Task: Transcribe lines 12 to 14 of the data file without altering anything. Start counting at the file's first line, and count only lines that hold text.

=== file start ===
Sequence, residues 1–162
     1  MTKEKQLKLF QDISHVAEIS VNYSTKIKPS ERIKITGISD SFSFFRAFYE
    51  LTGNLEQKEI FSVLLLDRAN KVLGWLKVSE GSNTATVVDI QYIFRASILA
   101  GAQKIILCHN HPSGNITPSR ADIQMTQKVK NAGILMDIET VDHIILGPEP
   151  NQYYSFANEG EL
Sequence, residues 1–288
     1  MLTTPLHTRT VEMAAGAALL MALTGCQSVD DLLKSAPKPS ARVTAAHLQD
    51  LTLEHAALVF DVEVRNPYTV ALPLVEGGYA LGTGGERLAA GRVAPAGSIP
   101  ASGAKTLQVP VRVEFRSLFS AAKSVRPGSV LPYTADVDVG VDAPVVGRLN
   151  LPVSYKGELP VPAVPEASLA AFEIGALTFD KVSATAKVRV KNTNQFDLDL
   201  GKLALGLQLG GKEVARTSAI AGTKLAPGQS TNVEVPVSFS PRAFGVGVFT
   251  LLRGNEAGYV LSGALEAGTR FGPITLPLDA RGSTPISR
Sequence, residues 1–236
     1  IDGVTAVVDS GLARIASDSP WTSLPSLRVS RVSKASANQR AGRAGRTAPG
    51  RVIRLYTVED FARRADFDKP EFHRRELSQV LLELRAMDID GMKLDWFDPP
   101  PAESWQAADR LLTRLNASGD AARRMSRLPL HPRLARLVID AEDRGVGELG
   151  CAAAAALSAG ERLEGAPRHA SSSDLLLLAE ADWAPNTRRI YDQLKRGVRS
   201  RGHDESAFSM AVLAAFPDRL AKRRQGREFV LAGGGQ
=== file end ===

   251  LLRGNEAGYV LSGALEAGTR FGPITLPLDA RGSTPISR
Sequence, residues 1–236
     1  IDGVTAVVDS GLARIASDSP WTSLPSLRVS RVSKASANQR AGRAGRTAPG